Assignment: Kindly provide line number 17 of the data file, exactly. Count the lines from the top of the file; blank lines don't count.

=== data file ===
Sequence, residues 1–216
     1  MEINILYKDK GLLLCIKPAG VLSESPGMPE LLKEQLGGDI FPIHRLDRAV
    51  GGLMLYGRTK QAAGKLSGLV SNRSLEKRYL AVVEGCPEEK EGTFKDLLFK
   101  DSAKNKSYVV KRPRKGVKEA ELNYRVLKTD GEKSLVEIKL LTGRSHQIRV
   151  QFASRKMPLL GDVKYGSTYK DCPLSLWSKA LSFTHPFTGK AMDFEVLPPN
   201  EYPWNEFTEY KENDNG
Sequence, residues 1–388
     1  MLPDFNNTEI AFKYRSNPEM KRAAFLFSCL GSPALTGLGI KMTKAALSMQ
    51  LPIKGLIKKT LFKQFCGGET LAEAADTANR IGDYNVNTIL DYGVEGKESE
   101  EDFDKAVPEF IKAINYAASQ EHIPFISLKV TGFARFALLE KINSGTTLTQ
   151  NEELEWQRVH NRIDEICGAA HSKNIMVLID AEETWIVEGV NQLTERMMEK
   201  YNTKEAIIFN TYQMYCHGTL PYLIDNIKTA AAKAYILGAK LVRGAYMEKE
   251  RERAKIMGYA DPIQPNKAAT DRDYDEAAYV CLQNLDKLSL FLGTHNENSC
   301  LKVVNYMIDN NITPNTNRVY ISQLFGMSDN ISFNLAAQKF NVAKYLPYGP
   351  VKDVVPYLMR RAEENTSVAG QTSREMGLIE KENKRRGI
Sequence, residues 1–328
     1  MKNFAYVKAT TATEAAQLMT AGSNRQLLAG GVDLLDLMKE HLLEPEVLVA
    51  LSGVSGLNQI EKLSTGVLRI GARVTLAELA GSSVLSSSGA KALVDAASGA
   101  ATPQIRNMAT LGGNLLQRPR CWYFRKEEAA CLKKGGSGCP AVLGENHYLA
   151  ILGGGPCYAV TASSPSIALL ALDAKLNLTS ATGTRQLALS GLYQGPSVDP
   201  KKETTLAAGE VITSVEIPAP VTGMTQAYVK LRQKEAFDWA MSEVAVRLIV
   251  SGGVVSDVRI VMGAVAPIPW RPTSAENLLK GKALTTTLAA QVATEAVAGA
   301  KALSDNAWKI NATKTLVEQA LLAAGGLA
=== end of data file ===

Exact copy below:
     1  MKNFAYVKAT TATEAAQLMT AGSNRQLLAG GVDLLDLMKE HLLEPEVLVA